Getting warmer: Hyundai's mild-but-wild i30 N-Line hatch tested
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2019 Hyundai i30 N-Line
• Packed with equipment
• Handsome looks
• Standout powertrain
• Stumbling dual clutch transmission
The raucous, bubbly, wonderfully balanced Hyundai i30 N was one of the most poignant new-car releases of 2018. Despite no rich hot hatch lineage, it quickly established itself as a segment darling. Along with the Kia Stinger GT, it also involuntarily became a full stop of sorts on the perception issues that once blighted Korea's automotive landscape.
Had the i30 N not hit a home run at launch, the idea of a 'warm hatch' variant of the practical i30 hatchback might not have piqued our interest. But given the success of its faster, louder sibling, this was instead a new model shrouded in curiosity.
And off the bat, there's a lot to like with the N-Line on paper.
Being based on one of the most sensible, well-formed hatches on the market guarantees dependable practicality. Adults get reasonable head and leg-room in the flanking rear seats, boot space is a handy 395L, and rear visibility is among the best in class.
And, like the i30 N before it, build quality is well above par. Each of the cabins fixtures, buttons, and panels feels as tight as a drum.
But the best thing to note is that the N-Line — unlike some of its faux-performance rivals — actually backs up its sporty intentions with some key changes under the skin. The N-style front and rear bumpers, 18in alloys, bucket seats, and garish red seat belts are thankfully backed up by an engine and transmission combination that's bespoke to the model.
The N-Line trades the naturally aspirated units found in standard i30s for a turbocharged, direct injection 1.6-litre, making a healthy 150kW at 6000rpm, and 265Nm at 1500-4500rpm. That's 30kW/62Nm north of the 2.0-litre i30 Elite, and 52kW/98Nm south of the full fat i30 N.
Those numbers are supported by a seven-speed dual-clutch auto transmission. The suspension has also been given a firmer calibration, and each of those aforementioned wheels comes wrapped in a Michelin Pilot Sport 4 tyre.
Manawatu / Wanganui | Feilding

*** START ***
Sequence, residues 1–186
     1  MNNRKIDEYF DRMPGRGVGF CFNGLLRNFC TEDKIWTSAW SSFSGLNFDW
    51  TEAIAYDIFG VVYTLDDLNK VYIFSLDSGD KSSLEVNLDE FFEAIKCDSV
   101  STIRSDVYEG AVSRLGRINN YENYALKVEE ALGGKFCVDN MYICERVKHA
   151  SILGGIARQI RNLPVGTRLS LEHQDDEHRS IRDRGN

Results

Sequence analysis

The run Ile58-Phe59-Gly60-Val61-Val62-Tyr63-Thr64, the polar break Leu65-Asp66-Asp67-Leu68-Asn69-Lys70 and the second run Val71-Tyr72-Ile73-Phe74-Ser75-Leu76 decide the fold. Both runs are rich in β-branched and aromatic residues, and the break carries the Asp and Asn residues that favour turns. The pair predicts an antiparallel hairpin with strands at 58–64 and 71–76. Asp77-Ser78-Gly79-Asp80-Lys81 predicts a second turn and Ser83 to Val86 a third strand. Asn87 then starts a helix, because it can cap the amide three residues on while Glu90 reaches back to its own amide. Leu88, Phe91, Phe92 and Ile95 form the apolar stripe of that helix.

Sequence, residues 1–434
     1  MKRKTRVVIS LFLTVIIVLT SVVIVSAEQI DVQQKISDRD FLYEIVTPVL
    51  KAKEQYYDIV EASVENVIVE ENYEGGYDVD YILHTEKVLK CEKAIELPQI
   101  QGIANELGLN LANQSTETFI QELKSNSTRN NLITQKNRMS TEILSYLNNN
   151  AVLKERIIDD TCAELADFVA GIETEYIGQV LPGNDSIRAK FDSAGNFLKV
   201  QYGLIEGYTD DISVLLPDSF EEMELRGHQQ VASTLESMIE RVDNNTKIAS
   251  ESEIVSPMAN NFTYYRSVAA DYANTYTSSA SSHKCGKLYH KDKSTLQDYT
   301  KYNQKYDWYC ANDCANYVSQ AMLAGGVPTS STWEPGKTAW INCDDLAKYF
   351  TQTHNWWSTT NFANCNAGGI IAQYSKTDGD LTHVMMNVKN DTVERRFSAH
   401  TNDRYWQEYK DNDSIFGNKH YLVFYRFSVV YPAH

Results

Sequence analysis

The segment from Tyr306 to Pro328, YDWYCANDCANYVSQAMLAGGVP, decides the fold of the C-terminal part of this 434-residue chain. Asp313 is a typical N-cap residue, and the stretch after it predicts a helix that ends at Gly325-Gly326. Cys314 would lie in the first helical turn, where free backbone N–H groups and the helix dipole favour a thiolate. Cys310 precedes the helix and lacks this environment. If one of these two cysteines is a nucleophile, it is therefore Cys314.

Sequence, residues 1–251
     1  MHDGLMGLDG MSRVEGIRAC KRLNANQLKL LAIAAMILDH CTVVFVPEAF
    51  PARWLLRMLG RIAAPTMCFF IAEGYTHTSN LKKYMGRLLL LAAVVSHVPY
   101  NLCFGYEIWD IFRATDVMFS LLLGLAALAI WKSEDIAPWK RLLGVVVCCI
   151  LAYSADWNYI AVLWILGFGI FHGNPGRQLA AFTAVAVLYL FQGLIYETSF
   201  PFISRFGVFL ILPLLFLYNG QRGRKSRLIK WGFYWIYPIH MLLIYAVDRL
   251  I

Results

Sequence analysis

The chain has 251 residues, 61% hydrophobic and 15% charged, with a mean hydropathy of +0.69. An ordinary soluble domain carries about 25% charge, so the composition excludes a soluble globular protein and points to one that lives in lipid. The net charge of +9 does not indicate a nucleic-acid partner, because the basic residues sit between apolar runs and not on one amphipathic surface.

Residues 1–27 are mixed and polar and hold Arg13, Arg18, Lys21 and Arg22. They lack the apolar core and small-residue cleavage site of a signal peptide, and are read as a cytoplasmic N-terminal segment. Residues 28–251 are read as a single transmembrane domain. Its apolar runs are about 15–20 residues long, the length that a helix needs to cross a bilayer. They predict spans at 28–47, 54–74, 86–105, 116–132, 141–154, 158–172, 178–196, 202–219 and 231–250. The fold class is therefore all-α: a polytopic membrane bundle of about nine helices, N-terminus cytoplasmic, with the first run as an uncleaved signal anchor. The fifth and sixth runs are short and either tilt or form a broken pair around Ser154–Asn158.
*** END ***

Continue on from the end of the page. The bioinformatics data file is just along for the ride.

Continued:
$338.76 p/w $1,355.06 p/m
Tabling up the i30 N-Line's rivals is a complicated affair. Priced at $43,990, not many hatches cross its path. The 'big motor' 2.5-litre Mazda3 is in the same ballpark, but doesn't necessary chase the same warm hatch tact.
There's also a few left-of-centre Europeans to consider, like the Peugeot 308 GT featured two weeks ago. And then there's the i30 N-Line's evil Kia twin — the Cerato GT, based on the same platform with the same drivetrain.
One of the biggest feathers in the Hyundai's cap is its equipment levels. As standard, the N-Line comes with heated and ventilated electric front seats, wireless phone charging, and dual-zone climate control coupled with adjustable vents for passengers in the rear.
It also gains a swathe of additional safety tech over the i30 Elite, including radar cruise control, lane keep assist, and autonomous emergency braking. Although, it's worth mentioning that some of the i30's rivals offer all these features in base variants. The lack of blind-spot monitoring — a standard feature in the rest of the i30 line-up — is also somewhat confusing.
In terms of N-Line specifics, the engine is an undoubted standout. Hyundai has served up a nicely balanced unit, with enough low-down torque to be flexible but enough theatre and punch in high revs to encourage exploration with the right foot. It's a strong, deceptively quick engine capable of giving quite a few bonafide hot hatches a genuine scare.
Similarly, the suspension also presents a nice compromise between comfort and performance. Over surface changes and speed bumps the MacPherson strut front and independent rear are admittedly a little firm, but that's to be expected in this kind of hatch. For the most part ride quality is liveable, and in our view a smidge more comfortable than the Cerato GT.
The tenacious engine's biggest supporters are those tyres and the dual-clutch transmission. Few cars under $50,000 come with a stickier tyre than the Michelin-shod Hyundai. They allow it to clamp onto the road in a way few others can, helping provide extra confidence both when tipping the N-Line into a corner and under power. The DCT meanwhile is a quick operator at speed, particularly when triggered by its paddles in manual mode.
However, that transmission is a double-edged sword.
While it's reasonably sharp in spirited applications, in daily use we found it to lack refinement relative to some of the other twin-clutch units out there. At low speeds it struggles with smoothness, occasionally sitting itself in wrong gears — particularly on slow uphill crawls. Over the ditch they get the option of a six-speed manual. And, given how sweet the six-speed is in the standard N, we're quite jealous.
It's one of the small handful of things that hold the i30 N-Line back from being a properly great warm hatch.
The Michelins for example, while grippy, also produce a lot of tyre roar. The steering is sharp, but a little too heavy for its own good. A long, equally heavy brake pedal and a relatively heavy kerb weight of around 1400kg counters the engine's enthusiasm. A Ford Focus ST-Line flows from corner to corner with a cheeky lightness in its controls and chassis that the i30 N-Line simply doesn't have.
Still, Hyundai's newly minted hatchback bridge provides decent thrills in a practical, attractive package. Those looking for some practical with hot hatch looks and tangible performance gains have never had it better.